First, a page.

• Provide practice activities. We are have lots of content and tend to be info-centric. The problem is that content works in tandem with context. So step away from the information dump and focus on how the information is used. Create real-world decision points and ways to access the information required to make good decisions.
  • Give meaningful feedback. Decisions produce consequences that are not always black and white. There are lots of nuances to what we do in daily life. Most elearning courses offer simple forms of feedback and sometimes too quickly. Consider how the consequences manifest in the real world and mimic that type of feedback. Sometimes it’s immediate, sometimes it compounds, and sometimes it’s delayed.
  • Allow the freedom to function. Adult learners like to look over the content and then assess where they see the value. They also like to move back and forth through the content. However, many courses lock navigation and don’t let people move around. Unlock the navigation and let them choose to learn what they need. Instead of locking the course at the slide level, create decision-making situations where they can prove their understanding and then move on.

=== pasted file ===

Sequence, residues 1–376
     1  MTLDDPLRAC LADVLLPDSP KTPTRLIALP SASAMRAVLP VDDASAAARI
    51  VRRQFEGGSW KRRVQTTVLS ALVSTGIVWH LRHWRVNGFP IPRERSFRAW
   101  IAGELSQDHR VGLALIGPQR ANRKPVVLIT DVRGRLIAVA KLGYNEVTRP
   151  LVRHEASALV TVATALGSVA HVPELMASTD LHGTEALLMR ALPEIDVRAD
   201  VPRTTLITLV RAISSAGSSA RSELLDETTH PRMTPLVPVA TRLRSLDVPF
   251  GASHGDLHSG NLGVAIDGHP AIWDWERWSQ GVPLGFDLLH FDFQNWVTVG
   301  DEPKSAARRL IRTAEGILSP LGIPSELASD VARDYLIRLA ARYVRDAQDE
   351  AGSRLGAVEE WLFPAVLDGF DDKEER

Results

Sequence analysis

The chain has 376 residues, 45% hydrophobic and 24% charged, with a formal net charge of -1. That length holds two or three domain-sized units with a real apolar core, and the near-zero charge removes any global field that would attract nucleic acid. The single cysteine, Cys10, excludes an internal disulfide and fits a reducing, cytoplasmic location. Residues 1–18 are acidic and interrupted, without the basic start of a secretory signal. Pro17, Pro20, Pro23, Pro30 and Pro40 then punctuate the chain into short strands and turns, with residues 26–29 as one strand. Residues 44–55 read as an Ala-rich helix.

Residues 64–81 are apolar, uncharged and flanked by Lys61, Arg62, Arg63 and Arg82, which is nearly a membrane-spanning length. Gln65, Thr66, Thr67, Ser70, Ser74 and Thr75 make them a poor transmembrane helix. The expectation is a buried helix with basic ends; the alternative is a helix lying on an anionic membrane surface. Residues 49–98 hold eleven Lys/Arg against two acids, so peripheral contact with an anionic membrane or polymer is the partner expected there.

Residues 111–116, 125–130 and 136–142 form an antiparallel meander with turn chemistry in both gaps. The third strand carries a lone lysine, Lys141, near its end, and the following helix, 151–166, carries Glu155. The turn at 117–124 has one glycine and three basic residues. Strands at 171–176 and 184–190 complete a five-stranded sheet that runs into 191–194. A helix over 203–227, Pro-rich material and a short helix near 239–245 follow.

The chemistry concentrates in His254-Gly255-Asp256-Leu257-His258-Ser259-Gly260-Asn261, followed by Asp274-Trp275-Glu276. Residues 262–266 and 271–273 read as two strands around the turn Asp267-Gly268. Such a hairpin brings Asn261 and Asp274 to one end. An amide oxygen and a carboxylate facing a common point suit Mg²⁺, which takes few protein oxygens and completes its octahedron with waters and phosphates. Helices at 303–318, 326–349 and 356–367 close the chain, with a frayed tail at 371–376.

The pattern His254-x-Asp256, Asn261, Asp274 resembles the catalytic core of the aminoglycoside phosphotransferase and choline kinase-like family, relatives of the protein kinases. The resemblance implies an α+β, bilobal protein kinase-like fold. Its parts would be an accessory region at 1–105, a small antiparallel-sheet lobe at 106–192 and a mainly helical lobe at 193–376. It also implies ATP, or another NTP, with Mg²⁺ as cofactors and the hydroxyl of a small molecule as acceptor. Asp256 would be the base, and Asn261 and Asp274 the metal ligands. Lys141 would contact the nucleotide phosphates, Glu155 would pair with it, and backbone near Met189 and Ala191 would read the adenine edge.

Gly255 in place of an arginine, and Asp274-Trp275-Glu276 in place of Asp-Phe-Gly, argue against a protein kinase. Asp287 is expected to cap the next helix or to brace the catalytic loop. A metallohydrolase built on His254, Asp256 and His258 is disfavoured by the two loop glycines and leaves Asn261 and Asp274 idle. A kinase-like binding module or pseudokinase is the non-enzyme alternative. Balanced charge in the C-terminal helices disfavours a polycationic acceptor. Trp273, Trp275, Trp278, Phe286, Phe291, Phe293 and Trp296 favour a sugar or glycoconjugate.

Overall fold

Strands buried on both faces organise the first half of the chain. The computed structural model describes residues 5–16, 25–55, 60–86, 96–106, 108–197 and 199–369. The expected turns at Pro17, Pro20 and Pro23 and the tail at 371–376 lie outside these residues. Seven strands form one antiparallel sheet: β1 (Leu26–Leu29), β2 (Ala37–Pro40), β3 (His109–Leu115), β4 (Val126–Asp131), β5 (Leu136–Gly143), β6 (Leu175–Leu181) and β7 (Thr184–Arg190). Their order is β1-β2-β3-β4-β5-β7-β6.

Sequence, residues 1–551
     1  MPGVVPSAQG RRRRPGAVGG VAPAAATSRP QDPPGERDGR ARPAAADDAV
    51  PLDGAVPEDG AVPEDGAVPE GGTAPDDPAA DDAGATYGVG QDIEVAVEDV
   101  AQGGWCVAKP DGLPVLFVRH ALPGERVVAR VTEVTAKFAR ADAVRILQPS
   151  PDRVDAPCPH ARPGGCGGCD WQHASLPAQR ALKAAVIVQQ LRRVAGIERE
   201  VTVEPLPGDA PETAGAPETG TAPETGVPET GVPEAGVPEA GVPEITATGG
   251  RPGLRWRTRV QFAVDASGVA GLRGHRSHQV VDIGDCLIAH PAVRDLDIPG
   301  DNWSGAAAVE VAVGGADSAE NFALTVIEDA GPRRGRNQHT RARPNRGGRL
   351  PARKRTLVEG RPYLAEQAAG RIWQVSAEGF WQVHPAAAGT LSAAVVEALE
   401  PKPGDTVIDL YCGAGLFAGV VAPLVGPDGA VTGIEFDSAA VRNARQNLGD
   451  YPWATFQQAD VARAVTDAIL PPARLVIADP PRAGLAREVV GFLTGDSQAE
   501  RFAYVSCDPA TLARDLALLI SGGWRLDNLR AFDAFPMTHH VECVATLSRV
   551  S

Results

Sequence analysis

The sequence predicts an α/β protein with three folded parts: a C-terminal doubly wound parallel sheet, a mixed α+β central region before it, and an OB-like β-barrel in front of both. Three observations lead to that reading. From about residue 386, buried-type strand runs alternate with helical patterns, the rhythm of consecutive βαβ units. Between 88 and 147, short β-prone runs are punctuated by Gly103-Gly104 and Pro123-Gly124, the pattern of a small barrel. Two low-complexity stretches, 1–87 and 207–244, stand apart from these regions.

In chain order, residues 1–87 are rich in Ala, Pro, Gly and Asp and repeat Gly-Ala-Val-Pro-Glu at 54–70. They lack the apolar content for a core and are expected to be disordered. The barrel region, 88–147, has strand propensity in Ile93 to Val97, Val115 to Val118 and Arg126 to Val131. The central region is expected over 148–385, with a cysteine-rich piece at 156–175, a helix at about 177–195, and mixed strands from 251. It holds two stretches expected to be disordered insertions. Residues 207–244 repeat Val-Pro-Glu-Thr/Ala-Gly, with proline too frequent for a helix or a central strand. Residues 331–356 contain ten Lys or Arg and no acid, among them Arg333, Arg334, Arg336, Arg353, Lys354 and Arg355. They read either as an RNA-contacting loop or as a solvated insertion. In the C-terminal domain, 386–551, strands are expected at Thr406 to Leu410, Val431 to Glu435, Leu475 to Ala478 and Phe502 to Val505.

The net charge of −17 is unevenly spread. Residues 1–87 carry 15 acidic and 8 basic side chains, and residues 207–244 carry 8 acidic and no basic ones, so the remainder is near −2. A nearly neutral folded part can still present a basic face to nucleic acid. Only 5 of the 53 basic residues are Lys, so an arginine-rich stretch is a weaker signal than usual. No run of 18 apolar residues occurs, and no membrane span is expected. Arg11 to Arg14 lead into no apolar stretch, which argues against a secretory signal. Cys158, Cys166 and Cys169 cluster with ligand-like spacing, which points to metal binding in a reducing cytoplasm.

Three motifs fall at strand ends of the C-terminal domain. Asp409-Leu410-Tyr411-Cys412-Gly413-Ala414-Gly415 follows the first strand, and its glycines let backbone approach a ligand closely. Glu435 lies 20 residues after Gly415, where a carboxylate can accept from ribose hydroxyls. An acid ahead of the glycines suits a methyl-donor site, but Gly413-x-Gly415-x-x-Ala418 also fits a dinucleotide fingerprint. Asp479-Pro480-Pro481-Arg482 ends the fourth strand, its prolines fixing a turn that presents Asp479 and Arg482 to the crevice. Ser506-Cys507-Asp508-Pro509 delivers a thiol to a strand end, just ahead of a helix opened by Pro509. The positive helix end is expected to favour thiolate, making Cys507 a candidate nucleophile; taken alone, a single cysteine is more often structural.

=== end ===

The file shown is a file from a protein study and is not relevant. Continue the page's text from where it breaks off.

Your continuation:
• Does it need to be in the LMS? The course you build is a great ongoing resource. But often the course is a take-once event and then locked behind the LMS. Make the course available for future access if it’s really tied to their performance expectations.
  • _________________________________ There’s a lot more that can be said about motivating and engaging those who take your online courses. What tips do you have for teaching adult learners?

Upcoming E-Learning Events

  • October 6: Amsterdam. 10 Production Tips from the E-Learning Challenges by David Anderson. Register here.
  • October 21: Sydney. 3-Hour Articulate Virtual Event: 10 Production Tips from the E-Learning Challenges, Creating Engaging Software Training in Rise 360, and more. Register here.
  • October 29: ATD Nashville. Here's Why You Need an E-Learning Portfolio.

Free E-Learning Resources

Want to learn more? Check out these articles and free resources in the community.

Here’s a great job board for e-learning, instructional design, and training jobs

Participate in the weekly e-learning challenges to sharpen your skills

Get your free PowerPoint templates and free graphics & stock images.